Faisal bin Farhan pointed out the concern to establish security and stability in the region, "It requires the stability of Iraq and its linking to its Arab depth and Islamic atmosphere."


Just as there were hopes for the presence of Saudi Crown Prince Mohammed bin Salman, after al-Kadhimi invited him, other bets were also linked to the possibility of the participation of the new Iranian president Ibrahim Raisi, which would have been his first foreign appearance since taking office. However, similar to K.S.A., that also did not happen. The new foreign minister, Hossein Amir-Abdullahian, who is described as a veteran of regional files, was assigned to represent Tehran at the Baghdad summit.

Abdullahian said the volume of trade with Iraq in recent years has exceeded 13 billion dollars and that there are eight border crossings between the two countries, "Economic interdependence is deep-rooted between the two countries."

Besides the above, Abdullahian's statement could be useful for Baghdad, because it catalyzes Arab countries participating in the summit to improve their economic relations with Iraq, which has been "forgotten" by Arab governments since after the 2003 U.S. invasion, according to analysts and observers, for a variety of reasons, including concern about post-Saddam Hussein governments, as well as panic of Iranian influence in Iraq.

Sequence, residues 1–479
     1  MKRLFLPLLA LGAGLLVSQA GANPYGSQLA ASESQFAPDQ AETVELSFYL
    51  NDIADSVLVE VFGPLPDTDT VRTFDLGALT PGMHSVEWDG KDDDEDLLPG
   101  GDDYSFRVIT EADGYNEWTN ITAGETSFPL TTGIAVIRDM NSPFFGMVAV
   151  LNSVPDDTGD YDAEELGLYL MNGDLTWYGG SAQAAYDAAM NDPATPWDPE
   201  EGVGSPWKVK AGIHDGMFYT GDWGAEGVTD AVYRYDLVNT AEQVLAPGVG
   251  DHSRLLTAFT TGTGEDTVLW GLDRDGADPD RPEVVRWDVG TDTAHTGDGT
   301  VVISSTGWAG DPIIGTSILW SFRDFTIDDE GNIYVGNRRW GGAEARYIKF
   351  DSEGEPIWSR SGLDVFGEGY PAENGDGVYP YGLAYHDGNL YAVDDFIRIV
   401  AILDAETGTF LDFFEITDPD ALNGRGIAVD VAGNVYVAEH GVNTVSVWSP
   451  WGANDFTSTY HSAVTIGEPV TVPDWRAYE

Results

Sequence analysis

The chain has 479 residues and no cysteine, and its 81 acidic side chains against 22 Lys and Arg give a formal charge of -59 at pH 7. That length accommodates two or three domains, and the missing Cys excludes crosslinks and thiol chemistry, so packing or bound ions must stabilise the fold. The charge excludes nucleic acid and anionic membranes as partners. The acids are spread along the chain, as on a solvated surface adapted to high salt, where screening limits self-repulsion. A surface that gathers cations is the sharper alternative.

Contrary to criticism that Iran is contributing to the weakening of Iraq, Abdullahian said, "Iran supports the security, stability, territorial integrity, strength, and regional and international status of Iraq."

What was not said during the summit itself was mentioned before it, when Abdullahian said, "Tehran welcomes any regional initiative of the Iraqi officials, in which the countries of the region participate," adding, "Syria, as an important neighbor of Iraq, should have been invited to attend the summit."


Kuwaiti Prime Minister Sheikh Sabah Khalid al-Hamad al-Sabah made more than one statement and reflected Kuwait's understanding of the sensitivity of the Iraqi situation.